I got a really nice view of it from the Krka River below the hill on which it sits.
After I was done in Žužemberk, I started for Novo Mesto. I was on pace to get there before I could check into my hotel, so I decided to take a little detour to Otocec Castle. It is a nice little castle built on an island in the Krka River.
It is now a four star hotel. There were a lot of trees around it, and I didn’t find a perch on higher ground (not that I looked very hard,) so it was hard for me to get any great photos of it.
Finally, it was on to Novo Mesto. Not the most exciting town in Slovenia, Novo Mesto is still a nice little city to see for a stopover, and some strolling around. I followed signs to Grm Castle, but was disappointed in what I saw.
Still the walk to the caste, gave me some nice views of the city. I finished the day with a great pizza at Go Pizza Go which was a small pizzeria and coffee shop that had an outdoor deck overlooking the Krka River.
DAY TEN: PODCETRTEK CASTLE ~ PTUJ
On the way to
Ptuj, I stopped to take a walk through Podcetrtek Castle. First mentioned in 1251, and updated to the Baroque style in the 18th century, the castle was looted, and left in disrepair in 1945.
Still the imposing building on the hill is a neat sight to see. Though nothing special, I still really enjoyed walking through all the levels, and, just as I did at Kamen Castle, try to imagine what life was like in its heyday. Not a must see,
I would still say it’s worth a stop, for a nice casual walk, and a break from driving.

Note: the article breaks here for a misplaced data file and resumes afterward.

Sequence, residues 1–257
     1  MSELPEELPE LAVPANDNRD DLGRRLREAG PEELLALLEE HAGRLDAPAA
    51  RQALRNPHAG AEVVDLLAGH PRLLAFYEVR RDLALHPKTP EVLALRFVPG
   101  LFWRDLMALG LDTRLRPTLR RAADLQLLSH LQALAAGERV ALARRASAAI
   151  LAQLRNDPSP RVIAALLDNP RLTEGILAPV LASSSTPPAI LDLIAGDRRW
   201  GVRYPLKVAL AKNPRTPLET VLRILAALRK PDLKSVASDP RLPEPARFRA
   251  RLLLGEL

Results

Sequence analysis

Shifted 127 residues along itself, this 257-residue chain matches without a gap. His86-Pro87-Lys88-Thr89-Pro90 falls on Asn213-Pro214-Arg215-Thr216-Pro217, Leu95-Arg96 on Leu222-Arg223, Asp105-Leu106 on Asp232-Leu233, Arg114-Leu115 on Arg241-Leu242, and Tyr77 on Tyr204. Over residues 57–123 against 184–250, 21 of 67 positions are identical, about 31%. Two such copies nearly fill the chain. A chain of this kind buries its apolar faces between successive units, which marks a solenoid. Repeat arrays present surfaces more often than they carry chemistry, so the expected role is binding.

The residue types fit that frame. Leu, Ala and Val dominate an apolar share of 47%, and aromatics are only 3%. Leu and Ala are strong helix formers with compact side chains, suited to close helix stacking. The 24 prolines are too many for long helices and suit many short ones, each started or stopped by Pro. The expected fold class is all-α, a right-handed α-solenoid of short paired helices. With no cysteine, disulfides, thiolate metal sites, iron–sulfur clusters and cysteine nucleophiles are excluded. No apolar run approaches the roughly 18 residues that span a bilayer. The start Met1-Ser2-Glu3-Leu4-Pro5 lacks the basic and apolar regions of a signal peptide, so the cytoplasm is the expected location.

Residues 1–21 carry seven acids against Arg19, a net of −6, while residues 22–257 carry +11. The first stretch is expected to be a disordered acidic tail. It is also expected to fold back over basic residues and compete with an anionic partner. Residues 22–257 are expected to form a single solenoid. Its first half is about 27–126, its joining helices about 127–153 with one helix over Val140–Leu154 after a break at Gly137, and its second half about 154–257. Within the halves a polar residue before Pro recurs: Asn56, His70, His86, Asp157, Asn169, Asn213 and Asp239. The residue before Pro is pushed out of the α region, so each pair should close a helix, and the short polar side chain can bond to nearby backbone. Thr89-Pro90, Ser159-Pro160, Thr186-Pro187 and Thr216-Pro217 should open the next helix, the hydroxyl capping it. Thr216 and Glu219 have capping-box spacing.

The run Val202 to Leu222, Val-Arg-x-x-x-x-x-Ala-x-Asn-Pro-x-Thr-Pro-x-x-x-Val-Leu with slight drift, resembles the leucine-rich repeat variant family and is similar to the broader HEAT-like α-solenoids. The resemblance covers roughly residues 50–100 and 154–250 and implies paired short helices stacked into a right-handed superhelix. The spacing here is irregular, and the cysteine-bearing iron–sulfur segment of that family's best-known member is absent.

Ptuj is a very beautiful city on the Drava River in Eastern Slovenia. I really enjoyed my brief time there. It is the oldest city in Slovenia.
The self-guided tour of Ptuj Castle was broken into three parts. The first part featured fantastic tapestry and furniture. The second part featured music and instruments, including the history of instrument making throughout Slovenia.
The third part, and my favorite, was the armory.
My room was in the Apartments Šilak, and was very beautiful. I checked in with an elderly man named Vladimir. He was a very friendly man who, before even showing me to my room, pulled out a tourist map, and gave me tips on where to go and where to eat,
as well as a history lesson on
Ptuj. Some might find this as “boring ramblings of an old man,” and grow impatient, but a history buff like me really enjoyed it.
I walked around town, visiting many of the spots he suggested, and took a walk to Terme Ptuj for a swim followed by relaxation in a giant hot tub. I finished the night at one of the restaurants the old man recommended, and was not the least bit disappointed by Gostilna Amadeus.
There I enjoyed an amazing plate of beef steaks in gorgonzola sauce.
DAY ELEVEN: VINEYARDS OF KOG ~ MARIBOR
Driving through the eastern side of Slovenia, of course I had to drive go visit some vineyards. On the way from Ptuj to
Maribor, I stopped at the Hlebec Tourist Farm in Kog.